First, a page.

"Why don't we ourselves have a rehabilitation centre for people with disabilities who suffer from epilepsy?" This was the question doctor Sarah Kahumbya asked herself in 2019, having just returned from Hamburg to Dar es Salaam, Tanzania's capital. Sarah Kahumbya heads the Cardinal Rugambwa Hospital (CRH) there. The staff here just call her "Sister Sarah" - the hospital belongs to the Archdiocese of Dar es Salaam and is run by the nuns of the Women's Order of Saint Theresa.
Children develop quickly
Today, the CRH has a rehabilitation centre that mainly treats children. "We built that out of shipping containers and cut the windows in there ourselves," says Sister Sarah, laughing. Improvisation is part of the clinic's daily routine. The Tanzanian-German project team was able to finance the containers through funding from the GIZ Hospital Partnerships Program.
Today, the centre regularly offers "Screening Days" for mainly children with disabilities who are suspected of having epilepsy. One of the most common causes of epilepsy in people with disabilities is cerebral palsy, which is associated with severe spasticity. The rehabilitation centre also offers movement therapy and occupational therapy. This is an effective therapy, especially for children, because we can observe progress in them very quickly," says the doctor. The nuns also work together with the nearby Muhimbili National Hospital, which sends its neurologist for rounds.
Staff receive training
The partnership with the Evangelisches Krankenhaus Alsterdorf (EKA) has given them a lot of motivation through the joint visits and training, the doctor reports. In 2020, the clinic partners purchased an electroencephalogram (EEG), which has since been used to train staff. Through these and other measures, the CRH has been upgraded from a "District Hospital" to a "Referral Hospital" in Tanzania. A big step towards the future.
People with disabilities often affected by epilepsy
The CRH and the EKA are Christian institutions. Both specialise in people who have long been ignored: Children and adults with physical and mental disabilities. The EKA has been a focus clinic in Germany for people with epilepsy since 1990. This neurological condition affects around one third of all people with disabilities worldwide. However, the number is particularly high in sub-Saharan Africa due to neglected tropical diseases such as river blindness and swine tapeworm infection. Because there are only about twelve neurologists in Tanzania, epilepsy often goes untreated in this large country.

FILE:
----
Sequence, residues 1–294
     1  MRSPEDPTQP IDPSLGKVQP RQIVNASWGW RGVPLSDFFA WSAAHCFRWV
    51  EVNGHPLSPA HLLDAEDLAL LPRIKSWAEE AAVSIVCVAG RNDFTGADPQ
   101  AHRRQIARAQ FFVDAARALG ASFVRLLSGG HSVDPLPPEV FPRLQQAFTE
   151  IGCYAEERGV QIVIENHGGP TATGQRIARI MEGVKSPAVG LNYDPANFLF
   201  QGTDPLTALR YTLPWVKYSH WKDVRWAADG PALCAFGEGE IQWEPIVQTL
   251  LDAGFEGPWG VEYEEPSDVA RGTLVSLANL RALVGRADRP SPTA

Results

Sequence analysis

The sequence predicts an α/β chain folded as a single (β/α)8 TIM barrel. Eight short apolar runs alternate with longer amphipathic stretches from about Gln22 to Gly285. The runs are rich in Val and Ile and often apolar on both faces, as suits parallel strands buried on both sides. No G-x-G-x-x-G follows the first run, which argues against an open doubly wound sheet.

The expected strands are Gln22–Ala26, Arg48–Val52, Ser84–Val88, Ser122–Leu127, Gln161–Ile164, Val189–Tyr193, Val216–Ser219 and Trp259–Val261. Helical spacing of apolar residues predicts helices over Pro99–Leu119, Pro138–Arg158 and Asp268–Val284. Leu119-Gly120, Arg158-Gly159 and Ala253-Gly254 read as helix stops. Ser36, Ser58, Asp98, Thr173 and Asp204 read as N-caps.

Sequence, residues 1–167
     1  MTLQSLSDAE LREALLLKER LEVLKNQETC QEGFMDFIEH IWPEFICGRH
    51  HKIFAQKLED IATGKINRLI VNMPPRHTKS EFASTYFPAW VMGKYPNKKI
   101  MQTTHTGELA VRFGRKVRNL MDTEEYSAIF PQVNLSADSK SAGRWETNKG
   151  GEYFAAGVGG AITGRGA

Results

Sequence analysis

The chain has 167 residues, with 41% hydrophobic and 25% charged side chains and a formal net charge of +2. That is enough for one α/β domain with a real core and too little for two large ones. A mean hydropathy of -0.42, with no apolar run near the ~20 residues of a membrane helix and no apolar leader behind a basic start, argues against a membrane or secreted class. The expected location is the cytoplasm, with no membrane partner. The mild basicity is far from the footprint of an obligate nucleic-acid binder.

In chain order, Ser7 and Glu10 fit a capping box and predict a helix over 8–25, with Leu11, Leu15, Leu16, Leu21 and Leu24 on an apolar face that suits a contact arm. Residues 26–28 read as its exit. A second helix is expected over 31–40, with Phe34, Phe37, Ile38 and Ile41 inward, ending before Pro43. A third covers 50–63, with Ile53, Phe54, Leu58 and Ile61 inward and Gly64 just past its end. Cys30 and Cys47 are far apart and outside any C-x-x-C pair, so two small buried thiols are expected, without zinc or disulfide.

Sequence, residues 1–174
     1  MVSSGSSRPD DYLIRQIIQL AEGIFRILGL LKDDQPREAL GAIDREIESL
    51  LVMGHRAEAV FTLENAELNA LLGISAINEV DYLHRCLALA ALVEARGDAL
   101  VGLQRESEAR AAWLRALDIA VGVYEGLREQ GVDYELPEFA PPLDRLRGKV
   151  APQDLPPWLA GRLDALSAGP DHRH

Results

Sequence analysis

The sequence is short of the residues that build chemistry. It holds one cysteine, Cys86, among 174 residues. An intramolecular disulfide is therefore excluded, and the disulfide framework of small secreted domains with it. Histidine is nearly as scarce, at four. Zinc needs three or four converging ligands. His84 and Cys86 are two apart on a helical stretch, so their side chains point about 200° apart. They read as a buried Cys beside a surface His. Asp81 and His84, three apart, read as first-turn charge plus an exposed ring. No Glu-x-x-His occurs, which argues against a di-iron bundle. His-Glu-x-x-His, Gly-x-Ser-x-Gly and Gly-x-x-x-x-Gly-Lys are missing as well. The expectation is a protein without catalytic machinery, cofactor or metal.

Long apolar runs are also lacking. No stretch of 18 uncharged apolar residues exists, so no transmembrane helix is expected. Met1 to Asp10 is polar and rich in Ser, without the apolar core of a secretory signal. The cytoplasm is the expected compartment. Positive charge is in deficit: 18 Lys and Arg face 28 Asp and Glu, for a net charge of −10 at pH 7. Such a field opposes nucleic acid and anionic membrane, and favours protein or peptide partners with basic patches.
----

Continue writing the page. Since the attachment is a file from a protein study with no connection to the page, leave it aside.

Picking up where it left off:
Stigma and exclusion
Epileptics suffer from convulsive seizures caused by birth-related brain damage, accidents or tumours. In addition, there is social stigmatisation through stereotypical images and prejudices: For example, if an epileptic seizes next to a fireplace in a hut where the family usually cooks, the relatives do not necessarily save him or her from the flames. The reason: they are afraid because they think that they could catch epilepsy themselves. This has fatal consequences for the person affected: He suffers the most severe burns - and is even more restricted as a result.
"This year we will expand the training courses in both cities, Hamburg and Dar es Salaam," says Marion Förster, project manager of the German side. The need for education and training in neurology is high, she says.
Her Hospital Partner Sister Sarah, meanwhile, has further ideas: "If mothers could work and stay overnight at the CRH with their sick children during therapy, that would be a big step." They would stay on site at the clinic for longer and still not have any loss of earnings. Including this group of relatives in particular is very important, says Sister Sarah. "Our partnership will bear some more fruit."